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|Title:||Antimicrobial peptide gene expression in human tonsils|
|Abstract:||The human palatine tonsils play important roles in host immunity and provide a barrier against invading pathogens. However the Gram-positive bacterium, Streptococcus pyogenes often penetrates their defences. This results in tonsillitis, in which sufferers present with swollen and painful palatine tonsils. Moreover tonsillitis is often recurrent. Despite tonsillitis being relatively common, the immunological factors that allow this infection to perpetuate remain obscure. Antimicrobial peptides (AMPs), expressed at epithelial and mucosal surfaces, provide a first-line of defence against potential pathogens. Moreover these molecules have also been reported to be up-regulated in response to infection, but their roles in the defence of the human palatine tonsils are not well known. Studies were therefore initiated to test the hypothesis that a defect in the innate immune response involving host AMPs, is a cause or contributory factor to recurrent acute tonsillitis (RAT). The first study investigated and compared AMP gene expression patterns in palatine tonsils excised from patients undergoing tonsillectomy for RAT to those of control subjects whose tonsils were excised for conditions such as snoring. To date it was the largest investigation of its kind using over ninety tonsils. The levels of LL-37, HBDl, HBD2 and LEAP-2 AMP mRNA expression were quantified by real-time PCR assays developed and optimised specifically for the study. The data indicated that all AMP genes examined were expressed, that considerable variability was detected between the AMP expression levels of individual subjects but that the mean AMP expression levels between the RAT and control groups were not statistically different. This study was conducted using tonsils excised from RAT patients at the time of their surgery when they were probably not suffering a streptococcal infection. To answer the question of whether RAT was due to a failure of the AMPs to up-regulate in response to infection, an in vitro model was adopted. HaCaT cells were used as the in vitro model of the tonsil and challenged with Group A streptococci. Quantitative real-time expression data suggested that in response to the S. pyogenes MI serotype, HBDI gene expression was decreased, suggesting that GAS down regulates the expression of this gene, whereas that of LEAP-2 was induced. The results of challenge experiments performed using pili-defective mutants also suggested that such changes in the host response occurred in the absence of streptococcal binding. The HaCaT cells were not however derived from tonsil. Thus to further investigate streptococcal-tonsil AMP responses an ex vivo tonsil model was used. Following challenge of the control (non-RAT) and RAT tonsil sections with S. pyogenes, a statistically significant increase in HBDI gene expression and a decrease in HBD2 gene expression were observed in the control (non-RAT) tonsils. No comparable statistically significant changes were identified in the RAT tonsils. These data therefore highlighted differences between the AMP expression profiles of the control (non-RAT) and RAT tonsils in response to a S. pyogenes M I challenge. Although speculative these data indicate that the RAT tonsils were less able to respond to the S. pyogenes challenge, which in part may help to explain the susceptibility of RAT patients to infection.|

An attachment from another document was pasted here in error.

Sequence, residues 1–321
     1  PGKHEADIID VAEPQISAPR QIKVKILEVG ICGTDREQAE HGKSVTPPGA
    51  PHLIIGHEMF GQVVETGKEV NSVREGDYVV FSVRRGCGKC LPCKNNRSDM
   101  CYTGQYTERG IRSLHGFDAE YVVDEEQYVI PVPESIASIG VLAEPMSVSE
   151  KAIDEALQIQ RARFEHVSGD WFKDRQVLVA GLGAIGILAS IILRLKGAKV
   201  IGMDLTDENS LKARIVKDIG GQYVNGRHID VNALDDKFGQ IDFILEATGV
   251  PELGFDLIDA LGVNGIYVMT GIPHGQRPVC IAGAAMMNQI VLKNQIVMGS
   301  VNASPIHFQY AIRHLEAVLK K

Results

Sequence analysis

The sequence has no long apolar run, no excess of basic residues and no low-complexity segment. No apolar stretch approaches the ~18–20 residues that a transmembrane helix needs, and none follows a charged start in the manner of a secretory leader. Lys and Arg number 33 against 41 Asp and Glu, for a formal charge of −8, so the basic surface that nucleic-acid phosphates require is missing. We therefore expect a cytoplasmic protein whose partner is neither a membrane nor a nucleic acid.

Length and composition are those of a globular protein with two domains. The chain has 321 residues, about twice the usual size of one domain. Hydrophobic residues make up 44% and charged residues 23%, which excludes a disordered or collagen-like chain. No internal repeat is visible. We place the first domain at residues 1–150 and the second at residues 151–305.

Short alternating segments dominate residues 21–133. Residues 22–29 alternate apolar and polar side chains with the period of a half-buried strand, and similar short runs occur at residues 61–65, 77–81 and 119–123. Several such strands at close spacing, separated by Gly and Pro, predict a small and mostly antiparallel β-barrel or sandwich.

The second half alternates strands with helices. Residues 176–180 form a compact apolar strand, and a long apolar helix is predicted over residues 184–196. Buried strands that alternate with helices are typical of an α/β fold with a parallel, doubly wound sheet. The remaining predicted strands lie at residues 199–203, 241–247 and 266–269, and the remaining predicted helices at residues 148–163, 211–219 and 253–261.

|Appears in Collections:||Institute for Cell and Molecular Biosciences|
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|Bell, S. 2008.pdf||Thesis||27.47 MB||Adobe PDF||View/Open|
|dspacelicence.pdf||Licence||43.82 kB||Adobe PDF||View/Open|
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